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Everything posted by 4KookieKids

  1. We have also made good use of bookdepository.com, as well. It's not based in Germany, but it has quite a few German books. The caveats are that they are often older books (not used, just books that came out a while ago) and that shipping takes a long time (up to 2 weeks). The up-side is that prices are usually cheaper than amazon.de (once you factor in an exchange rate), and there's no minimum purchase for the free shipping, so you can just get a book here and a book there without having to break the bank in one order. :D It's also a good site for non-german books, because it has books in
  2. If he still understands it, or at least some of it, can you make it interesting by trying to get him into some Dutch movies or childrens books / audio books? Maybe that sort of "immersion" (I know it's not really immersion, of course, but it's so different from an actual course that I don't know what it's called!) will give help his brain "remember" what it knows. I know that I learned German as a very young child, but then all but lost it by not speaking it for close to 20 years. What helps my brain remember its German best is actually not to do any formal programs, but just to dive into
  3. So I don't know that I have "experience" in middle school study abroad, but here are a few thoughts. First, if you google "study abroad" & "middle school", you get quite a lot of hits, and lots of stories from people who've done it. So I certainly believe it's possible. Second, and this might offend the school in question (so they'd have to consider that beforehand), I think the middle school shouldn't have any say whatsover, legally or not. I think that they should deal directly with the Spanish school, get her placed and ready to go. Deal with the "return" part later -- the schoo
  4. That's certainly the rule when I'm home, too! Even so, I find it hard to find the right balancing part. On the one hand, I'd love to have my kids have that "outside" exposure (e.g., anything other than me!) on a daily basis -- for several hours, even! But there's no way I'm going to let them sit there for that long, unless we're sick. :) Your spanish comment (or maybe just mention of 2 other languages) brings up another question for me (somewhat unrelated, so feel free to point me towards another thread if it might be more appropriate): We have friends who speak Spanish at home and my 3 yo
  5. Thanks for the tips on videos to look into. The videos are a hard one for me (though we have been using them to some degree) because we generally don't do a lot of screen time. So we watch them very occasionally, and then once my 3 yo gets the story down some, I rip the audio onto a CD and we listen to it in the car and around the house all the time. I think he likes it more than most other audio books we use, because he gets more of the story (since he's seen the video). I've been reading what I can, though it really comes in spurts depending on busy my kids are keeping me. :D In the last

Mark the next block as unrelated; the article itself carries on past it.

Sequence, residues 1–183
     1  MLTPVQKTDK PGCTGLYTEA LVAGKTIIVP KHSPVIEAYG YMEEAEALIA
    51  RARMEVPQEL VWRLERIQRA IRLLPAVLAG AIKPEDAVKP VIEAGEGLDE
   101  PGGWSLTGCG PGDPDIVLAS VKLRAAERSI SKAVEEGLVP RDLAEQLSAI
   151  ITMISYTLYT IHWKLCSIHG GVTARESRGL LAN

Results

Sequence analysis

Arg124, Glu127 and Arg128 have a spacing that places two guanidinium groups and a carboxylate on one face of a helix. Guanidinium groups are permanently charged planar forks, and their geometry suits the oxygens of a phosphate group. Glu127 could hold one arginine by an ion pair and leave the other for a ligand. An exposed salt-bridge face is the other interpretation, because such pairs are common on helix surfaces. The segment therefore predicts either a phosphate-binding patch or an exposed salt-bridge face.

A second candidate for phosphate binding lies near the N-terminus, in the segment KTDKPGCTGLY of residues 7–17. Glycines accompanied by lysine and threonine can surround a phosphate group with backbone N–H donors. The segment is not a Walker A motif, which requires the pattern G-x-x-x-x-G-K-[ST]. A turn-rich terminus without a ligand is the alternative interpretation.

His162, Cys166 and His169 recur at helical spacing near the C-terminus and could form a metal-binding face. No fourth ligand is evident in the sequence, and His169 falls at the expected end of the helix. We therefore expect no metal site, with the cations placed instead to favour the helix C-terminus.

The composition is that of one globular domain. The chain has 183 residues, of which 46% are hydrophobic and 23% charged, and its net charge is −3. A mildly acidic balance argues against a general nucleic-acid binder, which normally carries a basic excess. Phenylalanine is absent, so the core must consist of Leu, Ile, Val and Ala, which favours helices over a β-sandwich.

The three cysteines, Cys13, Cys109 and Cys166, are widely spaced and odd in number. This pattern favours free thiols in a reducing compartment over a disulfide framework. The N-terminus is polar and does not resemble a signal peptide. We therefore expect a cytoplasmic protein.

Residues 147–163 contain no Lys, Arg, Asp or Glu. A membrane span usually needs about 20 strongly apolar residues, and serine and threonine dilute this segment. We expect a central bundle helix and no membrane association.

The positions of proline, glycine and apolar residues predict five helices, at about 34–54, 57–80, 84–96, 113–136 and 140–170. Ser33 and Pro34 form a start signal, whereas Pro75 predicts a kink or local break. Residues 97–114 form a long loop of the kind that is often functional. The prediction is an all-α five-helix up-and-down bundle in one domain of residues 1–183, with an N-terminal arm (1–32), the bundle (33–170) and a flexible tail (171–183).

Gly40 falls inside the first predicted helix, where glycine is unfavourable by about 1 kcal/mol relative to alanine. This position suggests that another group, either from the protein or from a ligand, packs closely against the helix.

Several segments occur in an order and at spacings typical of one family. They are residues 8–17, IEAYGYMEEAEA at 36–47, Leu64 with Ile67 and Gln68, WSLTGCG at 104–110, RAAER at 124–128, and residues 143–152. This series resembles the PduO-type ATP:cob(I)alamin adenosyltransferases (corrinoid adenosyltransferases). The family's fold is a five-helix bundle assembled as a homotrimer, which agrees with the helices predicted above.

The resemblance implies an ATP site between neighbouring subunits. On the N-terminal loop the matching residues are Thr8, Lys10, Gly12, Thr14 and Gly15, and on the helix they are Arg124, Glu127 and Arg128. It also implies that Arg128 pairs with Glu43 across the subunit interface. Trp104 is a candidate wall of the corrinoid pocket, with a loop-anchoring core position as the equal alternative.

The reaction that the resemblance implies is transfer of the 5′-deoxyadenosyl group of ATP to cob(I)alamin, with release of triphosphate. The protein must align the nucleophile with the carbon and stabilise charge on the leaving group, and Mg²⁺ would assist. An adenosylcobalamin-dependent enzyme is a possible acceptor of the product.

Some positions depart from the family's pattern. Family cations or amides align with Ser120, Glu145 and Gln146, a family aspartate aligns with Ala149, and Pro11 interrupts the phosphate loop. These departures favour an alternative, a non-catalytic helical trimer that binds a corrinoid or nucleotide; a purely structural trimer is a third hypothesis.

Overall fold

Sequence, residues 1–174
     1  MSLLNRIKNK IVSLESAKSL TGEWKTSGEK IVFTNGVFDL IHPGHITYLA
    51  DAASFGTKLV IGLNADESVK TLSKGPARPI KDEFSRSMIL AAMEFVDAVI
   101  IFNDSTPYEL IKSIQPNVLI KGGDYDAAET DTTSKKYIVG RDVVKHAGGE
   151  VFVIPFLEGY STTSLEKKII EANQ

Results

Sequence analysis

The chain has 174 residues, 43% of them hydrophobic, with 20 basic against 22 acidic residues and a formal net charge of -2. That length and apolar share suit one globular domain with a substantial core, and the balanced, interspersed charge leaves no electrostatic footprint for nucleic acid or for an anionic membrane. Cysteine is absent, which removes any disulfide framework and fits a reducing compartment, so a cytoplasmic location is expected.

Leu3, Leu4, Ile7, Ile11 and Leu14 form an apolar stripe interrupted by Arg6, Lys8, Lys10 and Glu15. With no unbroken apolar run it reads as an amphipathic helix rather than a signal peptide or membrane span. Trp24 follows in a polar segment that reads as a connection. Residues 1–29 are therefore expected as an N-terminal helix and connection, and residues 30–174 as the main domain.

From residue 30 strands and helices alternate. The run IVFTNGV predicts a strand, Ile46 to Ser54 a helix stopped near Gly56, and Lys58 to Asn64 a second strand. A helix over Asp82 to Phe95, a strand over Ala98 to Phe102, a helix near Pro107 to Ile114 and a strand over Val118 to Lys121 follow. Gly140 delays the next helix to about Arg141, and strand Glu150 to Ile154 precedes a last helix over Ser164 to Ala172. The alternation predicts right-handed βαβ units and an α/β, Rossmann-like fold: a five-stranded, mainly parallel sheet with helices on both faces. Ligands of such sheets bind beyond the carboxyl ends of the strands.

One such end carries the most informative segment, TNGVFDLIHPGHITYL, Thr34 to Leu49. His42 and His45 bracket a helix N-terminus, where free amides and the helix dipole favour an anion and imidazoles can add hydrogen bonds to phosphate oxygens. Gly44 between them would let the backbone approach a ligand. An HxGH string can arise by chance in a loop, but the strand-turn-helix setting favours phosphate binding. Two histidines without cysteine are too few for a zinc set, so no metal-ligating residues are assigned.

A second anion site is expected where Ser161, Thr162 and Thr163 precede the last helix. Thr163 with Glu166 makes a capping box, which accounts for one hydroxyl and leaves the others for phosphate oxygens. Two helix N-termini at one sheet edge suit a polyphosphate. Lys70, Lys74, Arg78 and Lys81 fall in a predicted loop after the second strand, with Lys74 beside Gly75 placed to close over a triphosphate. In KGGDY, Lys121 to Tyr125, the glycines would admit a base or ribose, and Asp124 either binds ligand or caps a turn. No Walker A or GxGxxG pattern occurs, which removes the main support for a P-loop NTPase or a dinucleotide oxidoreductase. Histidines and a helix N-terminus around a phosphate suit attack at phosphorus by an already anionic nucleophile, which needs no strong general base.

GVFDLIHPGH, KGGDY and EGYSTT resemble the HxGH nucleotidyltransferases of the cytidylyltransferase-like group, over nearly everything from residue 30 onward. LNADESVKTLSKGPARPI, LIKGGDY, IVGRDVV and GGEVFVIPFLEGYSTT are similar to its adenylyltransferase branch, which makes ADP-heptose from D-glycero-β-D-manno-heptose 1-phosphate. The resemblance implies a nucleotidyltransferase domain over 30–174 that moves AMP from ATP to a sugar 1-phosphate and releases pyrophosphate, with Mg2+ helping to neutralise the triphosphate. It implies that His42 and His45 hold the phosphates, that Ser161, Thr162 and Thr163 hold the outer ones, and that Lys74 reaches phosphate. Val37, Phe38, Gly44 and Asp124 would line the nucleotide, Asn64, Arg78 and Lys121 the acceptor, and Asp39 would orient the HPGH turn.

6. Thanks! I'll spend some time browsing through all that information! I've been in contact with the GAS in Omaha, and we're hoping something can come of that soon! Most of their events are for kids a little older, unfortunately, and the ones that start around age 4 aim more towards children who don't speak German at home, I'm told. So I'm undecided on that (at least while I still have a 1 year old to pacify for an hour each way in the car!) But I think we may try it soon, and just see what it's like before making any decisions (they said he could come and see, even though he's not yet 4
  7. Wow! Thanks for all the great resources! I've tried contacting people I found on an AATG list of German schools in the US, I was hoping they would share curriculum with me, and also wondered if how often they get new books (here in NE, accredited schools have to buy complete new sets every 5 years, so you can often find great bargains on books when schools are getting rid of their old ones!) But so far, I've had very little response, which is a little disheartening. I'll give it a few more weeks, and then maybe try again. But you think contacting AATG directly would be good? What shou